For a start, it’s a lot harder. Like, several difficulty levels harder. This is for a number of reasons, not least that the timer runs down much more quickly and unless you’re legging it through the levels at full pelt (which you can’t do) you will definitely lose a lot of health – you lose a heart every time the egg timer runs out. The bosses also seem to require many, many more hits. Even with the best sword in the game, they’re just sponges. Then there seem to be more, and trickier, levels too.

This is probably the hardest boss in the game. He chucks out smaller clones who then chuck ice at you.

But it has some features the Master System didn’t. You can continue when you die, which is more than useful (until the final level where they don’t let you any more), and if you decide to restart the game from scratch, this Sega Ages version allows you to start with the equipment you had previously. This means you can get hold of the best armour, boots, shield and sword much more easily. As I said though, the bosses are so hard that doesn’t help with them so much.

When I finally reached the final level I had the choice of getting the bell (to find my way through the maze) and the ruby (to make the final boss a lot easier). I went with the ruby and hoped I could remember the route. Thankfully, I could! The dragon wasn’t too hard (way easier than bouncing mushroom guy or Snow Cong & Chums, for sure), and then the game was over.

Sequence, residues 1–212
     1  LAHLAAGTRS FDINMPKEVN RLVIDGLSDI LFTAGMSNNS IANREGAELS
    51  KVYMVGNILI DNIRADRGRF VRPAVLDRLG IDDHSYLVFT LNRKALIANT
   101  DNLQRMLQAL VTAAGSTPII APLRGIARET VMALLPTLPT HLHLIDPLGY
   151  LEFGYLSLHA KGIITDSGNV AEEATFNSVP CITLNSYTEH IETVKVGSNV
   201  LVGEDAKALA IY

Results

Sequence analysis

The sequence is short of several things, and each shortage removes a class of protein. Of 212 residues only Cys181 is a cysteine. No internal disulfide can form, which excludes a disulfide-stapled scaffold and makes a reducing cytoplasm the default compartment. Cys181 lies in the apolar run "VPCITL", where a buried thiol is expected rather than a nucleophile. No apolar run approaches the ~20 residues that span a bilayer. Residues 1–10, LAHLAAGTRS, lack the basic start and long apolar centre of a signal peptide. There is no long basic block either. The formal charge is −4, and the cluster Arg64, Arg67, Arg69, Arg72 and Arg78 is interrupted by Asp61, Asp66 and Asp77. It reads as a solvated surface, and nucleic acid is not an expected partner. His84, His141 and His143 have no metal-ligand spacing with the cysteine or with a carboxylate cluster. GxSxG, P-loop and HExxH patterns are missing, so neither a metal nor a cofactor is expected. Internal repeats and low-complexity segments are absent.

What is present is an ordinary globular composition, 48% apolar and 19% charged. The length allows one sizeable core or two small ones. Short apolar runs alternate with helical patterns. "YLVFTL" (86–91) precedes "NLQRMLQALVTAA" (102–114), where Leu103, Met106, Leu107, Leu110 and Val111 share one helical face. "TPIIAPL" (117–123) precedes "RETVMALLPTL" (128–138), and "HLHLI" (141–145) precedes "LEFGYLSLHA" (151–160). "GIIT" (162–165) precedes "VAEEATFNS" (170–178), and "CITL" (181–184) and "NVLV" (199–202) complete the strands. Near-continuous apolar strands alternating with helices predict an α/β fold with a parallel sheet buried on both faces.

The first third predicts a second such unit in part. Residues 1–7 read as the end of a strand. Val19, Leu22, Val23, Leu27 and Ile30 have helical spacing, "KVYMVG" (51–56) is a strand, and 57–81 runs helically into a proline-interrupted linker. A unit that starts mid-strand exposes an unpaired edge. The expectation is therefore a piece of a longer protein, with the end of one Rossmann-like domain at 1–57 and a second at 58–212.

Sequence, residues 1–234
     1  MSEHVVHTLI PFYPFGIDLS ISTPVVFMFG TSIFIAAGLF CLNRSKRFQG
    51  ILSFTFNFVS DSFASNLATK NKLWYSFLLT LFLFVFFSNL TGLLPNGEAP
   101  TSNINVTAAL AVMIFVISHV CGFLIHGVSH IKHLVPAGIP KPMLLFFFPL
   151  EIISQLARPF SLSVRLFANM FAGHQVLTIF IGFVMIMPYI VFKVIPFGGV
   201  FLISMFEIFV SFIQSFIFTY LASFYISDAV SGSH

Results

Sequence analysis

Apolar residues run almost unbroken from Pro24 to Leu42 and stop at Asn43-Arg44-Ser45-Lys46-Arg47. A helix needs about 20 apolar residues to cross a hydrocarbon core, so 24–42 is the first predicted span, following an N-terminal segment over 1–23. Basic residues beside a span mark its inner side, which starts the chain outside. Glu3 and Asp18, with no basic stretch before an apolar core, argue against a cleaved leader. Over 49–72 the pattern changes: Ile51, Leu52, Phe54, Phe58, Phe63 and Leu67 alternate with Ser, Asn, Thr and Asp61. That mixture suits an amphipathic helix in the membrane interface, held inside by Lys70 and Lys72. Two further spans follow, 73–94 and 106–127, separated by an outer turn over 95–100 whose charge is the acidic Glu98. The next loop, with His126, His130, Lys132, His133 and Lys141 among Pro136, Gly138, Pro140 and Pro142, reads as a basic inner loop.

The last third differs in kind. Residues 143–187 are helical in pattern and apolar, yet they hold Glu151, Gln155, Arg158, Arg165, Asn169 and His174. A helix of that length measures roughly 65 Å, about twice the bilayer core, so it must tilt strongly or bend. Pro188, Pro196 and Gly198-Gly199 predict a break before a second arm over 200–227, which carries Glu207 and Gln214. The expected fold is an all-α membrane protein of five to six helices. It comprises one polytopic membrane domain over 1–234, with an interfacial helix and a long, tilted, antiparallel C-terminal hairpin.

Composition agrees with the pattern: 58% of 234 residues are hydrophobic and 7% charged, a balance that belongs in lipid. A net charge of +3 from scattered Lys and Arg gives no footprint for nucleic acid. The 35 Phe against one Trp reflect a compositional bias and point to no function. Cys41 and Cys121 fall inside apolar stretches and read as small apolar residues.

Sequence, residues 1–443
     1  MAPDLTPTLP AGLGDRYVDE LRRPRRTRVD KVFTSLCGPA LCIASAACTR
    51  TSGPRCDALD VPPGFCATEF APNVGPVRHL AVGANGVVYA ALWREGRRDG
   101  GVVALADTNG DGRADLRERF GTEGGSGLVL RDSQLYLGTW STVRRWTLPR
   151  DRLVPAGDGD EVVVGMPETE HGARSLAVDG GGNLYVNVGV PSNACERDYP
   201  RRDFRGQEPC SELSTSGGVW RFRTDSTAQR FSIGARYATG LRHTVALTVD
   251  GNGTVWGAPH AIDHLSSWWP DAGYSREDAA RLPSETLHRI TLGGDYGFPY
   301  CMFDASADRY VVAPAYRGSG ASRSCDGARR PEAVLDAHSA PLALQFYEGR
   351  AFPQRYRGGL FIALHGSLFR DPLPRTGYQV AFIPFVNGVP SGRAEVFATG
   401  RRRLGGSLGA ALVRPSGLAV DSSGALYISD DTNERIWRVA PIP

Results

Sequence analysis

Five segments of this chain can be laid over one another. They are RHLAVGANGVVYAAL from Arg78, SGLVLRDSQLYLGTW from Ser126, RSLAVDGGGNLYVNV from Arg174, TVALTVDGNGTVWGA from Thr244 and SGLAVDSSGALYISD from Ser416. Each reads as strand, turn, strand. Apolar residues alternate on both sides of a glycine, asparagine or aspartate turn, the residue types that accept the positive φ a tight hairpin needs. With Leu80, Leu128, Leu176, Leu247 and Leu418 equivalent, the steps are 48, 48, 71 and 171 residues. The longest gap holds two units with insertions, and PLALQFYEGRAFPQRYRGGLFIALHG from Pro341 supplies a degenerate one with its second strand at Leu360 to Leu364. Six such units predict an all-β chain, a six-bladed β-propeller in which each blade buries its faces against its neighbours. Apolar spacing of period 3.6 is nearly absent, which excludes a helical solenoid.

He does that thing where when he’s dead he just changes form and you have to fight him again. Sigh.

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Burnout Paradise Remastered (PS4): COMPLETED!

I have always maintained that the best Burnout, is Burnout Paradise. And I was slightly concerned going into this that perhaps my memory is faulty and maybe the eleven years that have passed since I played the original version on the Xbox 360 have not been kind. I needn’t have worried – it’s still excellent.

However, the passage of time has still had an effect. The main thing being that the massive open world map doesn’t feel massive any more. Or even big. In fact, since you can drive from one side to the other in about two minutes, it actually feels small. Perhaps other games I’ve played since, like the spiritual sequel Need for Speed Underground, or Forza Horizon, just raised the bar. It’s also not quite as much fun as I remember, but only because of niggles like no instant restart and having to go back to the junk yard every time you want to change car. I’d bet these would be fixed in a new game these days.

I went into the game in a lot more detail on episode 26 of the ugvm Podcast if you want to hear more, but overall it was a lovely £5 trip back to a great driving game and I enjoyed playing it all again. DJ Atomika or no.

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PictoQuest: The Cursed Grids (Switch): COMPLETED!

It’s another picross game! But this one is different! And isn’t by Jupiter!

Sure, it’s still picross. PictoQuest adds light RPG elements to the formula though, with items and powerups and baddies to “fight” by completing rows and columns in the grids.

Which all sounds perfect, until I completed it and realised I’d totally ignored absolutely everything to do with the RPG stuff as it’s entirely unnecessary and does nothing. Sure, perhaps if you’re very, very, very slow completing the levels there’s a slim chance you might die, but other than that this is almost exactly like a Jupiter picross game. I didn’t use a single item, die, or even pay attention to what the baddies were doing. I did buy the extra hearts from the shop mainly as something to spend my accrued money on, but I didn’t need them as I was rarely damaged.